Fee-for-service Medicare

MA Stakeholders Take Issue With Bevy of Risk-Related Proposals

From payment related to the growing number of Medicare Advantage enrollees with end-stage renal disease (ESRD) to the proposed exclusion of 2020 data from risk score assumptions, several commenters responding to the 2023 preliminary rate notice questioned various factors that will be used to determine MA plan reimbursement next year. And while AHIP and other MA stakeholders voiced strong support for CMS keeping the coding intensity adjustment at the statutory minimum for 2023, the Medicare Payment Advisory Commission (MedPAC) took the opportunity to reiterate its contention that MA organizations are overpaid and that the adjustment does not adequately account for the differences in coding between MAOs and fee-for-service (FFS) Medicare.

In the 2023 Advance Notice for MA and Part D plans, CMS said it intended to continue to apply an across-the-board adjustment of 5.9% — the statutory minimum — to offset the effects on MA risk scores of higher levels of coding intensity in MA relative to FFS. AHIP, in its March 4 letter to CMS, said it strongly supports retaining that overall risk score reduction but asked for more detail around CMS’s proposal to exclude 2020 data in its annual “FFS normalization” adjustment, its assumption that 2023 FFS risk scores would return to pre-pandemic trends, how it will incorporate 2021 utilization data into the normalization factor for 2024, and how CMS arrived at the MA risk score trend of 3.5% for 2023.

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MedPAC Urges CMS to Take Action on Coding Intensity Overpayments

CMS’s coding intensity adjustment, which is used to account for the estimated difference between risk scores that hypothetical beneficiaries would receive if enrolled in Medicare Advantage vs. fee-for-service (FFS) Medicare, has led to more than $91 billion in payments to MA plans between 2007 and 2022, asserted a March 3 letter from the Medicare Payment Advisory Commission (MedPAC) to CMS Administrator Chiquita Brooks-LaSure. The agency in its 2023 Advance Notice proposed to use the statutory minimum adjustment of 5.9%, which MedPAC estimated will lead to an inflated $16.2 billion in payments — and that’s on the conservative end, the commission noted. MedPAC first raised this issue in 2016, when it urged CMS to consider a new model that would use two years of FFS and MA diagnostic data, exclude diagnoses documented only on health risk assessments from either MA or FFS, and then apply an adjustment that fully accounts for the remaining coding differences. The commission in its March letter reiterated its support for this approach.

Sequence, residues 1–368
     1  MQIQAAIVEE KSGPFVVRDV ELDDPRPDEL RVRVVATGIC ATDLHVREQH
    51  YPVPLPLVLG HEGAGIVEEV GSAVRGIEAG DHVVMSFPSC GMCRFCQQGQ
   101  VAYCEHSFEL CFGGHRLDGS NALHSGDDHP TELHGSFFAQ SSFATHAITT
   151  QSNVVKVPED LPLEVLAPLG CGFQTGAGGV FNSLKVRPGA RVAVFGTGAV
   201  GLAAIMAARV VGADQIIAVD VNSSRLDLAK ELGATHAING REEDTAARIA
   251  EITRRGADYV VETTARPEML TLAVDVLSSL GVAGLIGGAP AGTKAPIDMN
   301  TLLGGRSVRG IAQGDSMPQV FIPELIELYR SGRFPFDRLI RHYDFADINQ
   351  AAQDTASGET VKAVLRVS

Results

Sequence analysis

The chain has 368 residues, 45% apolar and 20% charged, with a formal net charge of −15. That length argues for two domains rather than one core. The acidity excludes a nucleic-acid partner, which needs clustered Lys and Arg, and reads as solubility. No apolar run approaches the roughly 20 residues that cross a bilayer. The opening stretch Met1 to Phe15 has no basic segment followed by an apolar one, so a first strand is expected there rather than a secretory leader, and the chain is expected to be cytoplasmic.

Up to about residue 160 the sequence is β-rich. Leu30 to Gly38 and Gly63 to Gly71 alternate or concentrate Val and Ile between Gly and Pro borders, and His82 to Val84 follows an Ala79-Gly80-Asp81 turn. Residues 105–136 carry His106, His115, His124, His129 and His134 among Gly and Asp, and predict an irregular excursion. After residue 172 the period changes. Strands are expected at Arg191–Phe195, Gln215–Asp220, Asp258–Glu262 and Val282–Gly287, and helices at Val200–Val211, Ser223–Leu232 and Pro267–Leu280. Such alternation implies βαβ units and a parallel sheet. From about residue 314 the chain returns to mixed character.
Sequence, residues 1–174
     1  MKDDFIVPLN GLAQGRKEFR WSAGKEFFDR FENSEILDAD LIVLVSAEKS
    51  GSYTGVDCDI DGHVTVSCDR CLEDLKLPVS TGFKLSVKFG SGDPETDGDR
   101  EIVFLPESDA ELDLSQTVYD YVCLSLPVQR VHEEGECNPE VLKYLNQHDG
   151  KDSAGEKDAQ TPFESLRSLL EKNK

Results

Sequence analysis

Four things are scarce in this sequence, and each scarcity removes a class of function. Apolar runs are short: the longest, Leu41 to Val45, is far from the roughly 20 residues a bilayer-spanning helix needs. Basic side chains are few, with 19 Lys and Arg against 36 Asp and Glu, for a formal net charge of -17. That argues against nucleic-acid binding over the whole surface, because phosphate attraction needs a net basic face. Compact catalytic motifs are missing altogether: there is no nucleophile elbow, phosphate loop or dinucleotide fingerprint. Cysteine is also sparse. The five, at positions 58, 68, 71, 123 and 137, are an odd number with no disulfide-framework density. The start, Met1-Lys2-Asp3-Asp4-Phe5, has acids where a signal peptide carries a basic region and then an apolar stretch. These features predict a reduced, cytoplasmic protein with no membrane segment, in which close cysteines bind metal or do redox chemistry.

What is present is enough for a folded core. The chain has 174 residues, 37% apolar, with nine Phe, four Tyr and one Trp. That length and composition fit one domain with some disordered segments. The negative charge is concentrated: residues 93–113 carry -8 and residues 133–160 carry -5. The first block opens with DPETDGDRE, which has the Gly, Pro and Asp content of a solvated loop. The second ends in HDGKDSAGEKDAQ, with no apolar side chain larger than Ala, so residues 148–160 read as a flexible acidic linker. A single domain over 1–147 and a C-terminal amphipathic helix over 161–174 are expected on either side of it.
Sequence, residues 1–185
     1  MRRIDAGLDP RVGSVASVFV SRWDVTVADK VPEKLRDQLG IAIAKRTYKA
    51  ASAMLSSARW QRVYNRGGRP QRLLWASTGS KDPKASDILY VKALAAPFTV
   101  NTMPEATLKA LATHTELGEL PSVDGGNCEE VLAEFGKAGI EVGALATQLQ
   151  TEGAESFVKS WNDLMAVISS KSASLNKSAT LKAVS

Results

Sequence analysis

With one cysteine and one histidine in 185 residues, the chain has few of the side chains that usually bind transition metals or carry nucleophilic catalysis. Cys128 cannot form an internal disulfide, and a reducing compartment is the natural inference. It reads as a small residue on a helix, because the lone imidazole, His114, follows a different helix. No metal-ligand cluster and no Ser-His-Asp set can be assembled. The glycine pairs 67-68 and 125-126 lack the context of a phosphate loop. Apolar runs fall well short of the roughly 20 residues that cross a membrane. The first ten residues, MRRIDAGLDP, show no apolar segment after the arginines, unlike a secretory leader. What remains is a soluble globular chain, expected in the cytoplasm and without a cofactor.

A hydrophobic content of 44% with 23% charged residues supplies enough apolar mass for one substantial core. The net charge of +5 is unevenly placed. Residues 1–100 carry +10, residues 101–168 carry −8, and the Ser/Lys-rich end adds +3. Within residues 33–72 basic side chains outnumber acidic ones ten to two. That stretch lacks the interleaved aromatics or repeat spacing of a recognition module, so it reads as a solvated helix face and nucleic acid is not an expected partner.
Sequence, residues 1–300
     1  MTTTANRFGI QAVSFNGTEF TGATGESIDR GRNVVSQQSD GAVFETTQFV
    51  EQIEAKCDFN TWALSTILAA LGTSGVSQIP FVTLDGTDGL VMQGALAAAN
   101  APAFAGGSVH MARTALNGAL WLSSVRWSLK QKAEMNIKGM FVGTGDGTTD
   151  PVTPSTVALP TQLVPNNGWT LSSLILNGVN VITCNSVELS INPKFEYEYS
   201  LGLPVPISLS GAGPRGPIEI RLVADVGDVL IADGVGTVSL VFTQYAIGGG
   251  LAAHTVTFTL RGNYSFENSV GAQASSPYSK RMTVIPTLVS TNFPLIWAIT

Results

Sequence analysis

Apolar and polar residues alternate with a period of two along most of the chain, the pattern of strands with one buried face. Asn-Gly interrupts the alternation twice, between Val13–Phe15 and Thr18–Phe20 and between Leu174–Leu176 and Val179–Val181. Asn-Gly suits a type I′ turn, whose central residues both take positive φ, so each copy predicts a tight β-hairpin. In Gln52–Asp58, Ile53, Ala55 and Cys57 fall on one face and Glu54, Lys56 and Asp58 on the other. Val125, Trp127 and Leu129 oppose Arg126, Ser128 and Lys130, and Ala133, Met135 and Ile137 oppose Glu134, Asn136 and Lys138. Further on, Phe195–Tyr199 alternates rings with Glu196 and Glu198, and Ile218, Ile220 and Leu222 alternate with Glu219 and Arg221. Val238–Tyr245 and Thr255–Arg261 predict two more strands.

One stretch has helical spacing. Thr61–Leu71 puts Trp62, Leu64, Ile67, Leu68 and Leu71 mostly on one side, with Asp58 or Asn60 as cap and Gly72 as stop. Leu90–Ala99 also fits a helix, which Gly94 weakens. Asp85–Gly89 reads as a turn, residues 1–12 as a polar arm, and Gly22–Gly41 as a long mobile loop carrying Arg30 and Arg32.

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© 2024 MMIT

Revamped Direct Contracting Model Still Holds Promise for MAOs

After progressive Democratic lawmakers urged CMS to shut down a fee-for-service Medicare model aimed at fostering more value-based care arrangements, the agency’s Center for Medicare and Medicaid Innovation (CMMI) on Feb. 24 unveiled a revamped version that it said more closely aligns with its “vision of creating a health system that achieves equitable outcomes through high quality, affordable, person-centered care.” While the three types of Accountable Care Organizations (ACOs) that may participate starting next year appear to largely mirror the Direct Contracting Entities (DCEs) of the current Global and Professional Direct Contracting (GPDC) Model, CMS aims to ensure that participants in the new model operate as provider-led organizations, have a proven track record of providing care in underserved communities and will not be shifting any enrollees into Medicare Advantage — a key concern expressed by lawmakers and advocates.

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News Briefs: America’s Physician Groups and Others Are Urging CMS Not to Cancel GPDC Model

America’s Physician Groups (APG) and other stakeholders at press time were urging the Biden administration not to cancel the Global and Professional Direct Contracting (GPDC) model. The model, in which provider groups and other entities share risk and receive capitated payments for serving fee-for-service (FFS) Medicare beneficiaries, formally launched in April 2021 and has drawn interest from Medicare Advantage organizations. Although CMS put a pause on new applicants for the 2022 performance year, progressive lawmakers have asked the administration to stop it out of concern that private entities are seeking to funnel FFS enrollees into managed care without their knowing. In a sign-on letter to HHS Secretary Xavier Becerra, APG and other groups suggested that instead of canceling the model, the administration should limit participation to provider-led entities and “place additional guardrails and add more beneficiary protections.”

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© 2024 MMIT